I still use my Dewalt 18 volt driver drill. The 18 volt is NiCad and the battery pack is easy to rebuild. I also like the balance.

I use 28 volt for the Sawzall. I thought 18 volt was lacking for me. The 28 volt drill I tried was too powerful and heavy so I got rid of it. I sold my 28 volt skillsaw as it was not up to a corded version. And now days I tend to use a table saw any way. I like the 28 volt SDS milwaukee rotary hammer drill for punching holes in cement. It works well.

I am not sure they can rebuild the Lithium ION battery packs for some of the new tools. So if you are looking for longevity you might want to stay with NiCad battery packs. I have not found anybody which can rebuild the 28 volt Lithium ION battery packs.

The only portability I need now days is my drill driver and my sawzall. I love my sawzall for trimming trees. It is a lot easier than a small chain saw. Plus you can cut at ground level in the dirt with the sawzall whereas a chain saw chain will dull real quick in the dirt.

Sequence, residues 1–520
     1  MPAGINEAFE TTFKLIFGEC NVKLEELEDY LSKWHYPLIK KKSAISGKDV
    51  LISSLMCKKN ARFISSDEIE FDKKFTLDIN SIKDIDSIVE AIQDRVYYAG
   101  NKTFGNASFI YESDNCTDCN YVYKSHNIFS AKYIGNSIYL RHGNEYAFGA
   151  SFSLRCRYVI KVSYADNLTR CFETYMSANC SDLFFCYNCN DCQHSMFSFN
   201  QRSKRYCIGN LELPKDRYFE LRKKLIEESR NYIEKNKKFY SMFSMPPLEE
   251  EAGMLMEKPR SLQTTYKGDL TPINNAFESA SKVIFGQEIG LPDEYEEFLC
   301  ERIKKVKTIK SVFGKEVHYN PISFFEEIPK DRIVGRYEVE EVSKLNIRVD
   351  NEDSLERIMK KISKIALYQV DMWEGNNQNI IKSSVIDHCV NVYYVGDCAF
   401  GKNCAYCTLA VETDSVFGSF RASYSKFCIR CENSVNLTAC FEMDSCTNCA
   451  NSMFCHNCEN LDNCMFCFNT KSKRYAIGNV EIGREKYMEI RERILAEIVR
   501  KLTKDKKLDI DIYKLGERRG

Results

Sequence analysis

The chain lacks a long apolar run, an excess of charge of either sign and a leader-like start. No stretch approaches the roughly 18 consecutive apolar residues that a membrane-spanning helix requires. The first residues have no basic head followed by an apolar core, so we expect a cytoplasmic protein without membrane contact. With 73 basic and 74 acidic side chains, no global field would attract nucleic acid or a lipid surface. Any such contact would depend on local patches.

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I noticed that Sears 19.2 volt tools line is dwindling and the price of the batteries is higher now. I have 2 drills, right angle drill, circular saw, reciprocating saw, jigsaw, work light, cutout tool, small shop vac, hedge trimmer and weedeater. I will probably rebuild the batteries if they stop selling the tools. I did work in a industry that we worked where there times when we did not have access to power so this was a great solution.

I do think they should still sell batteries for the tools after they discontinue a line (at reasonable prices) because we backed them by purchasing the tools so they should back us by providing batteries so we can use them or at least give us a big discount on replacing the tools they made obsolete.
 

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I have a Ryobi tool set that I got several years ago. I got the Li Ion batteries to replace the original batteries. I have a corded drill but it doesn't have the torque to drive screws like the Ryobi. I have five old batteries. Will try freezing them as this would give me eight batteries! It might pay to have someone rebuild them if the original is not available. Considering this myself or rebuilding it myself. After all, I did stay at a Holiday Inn Express!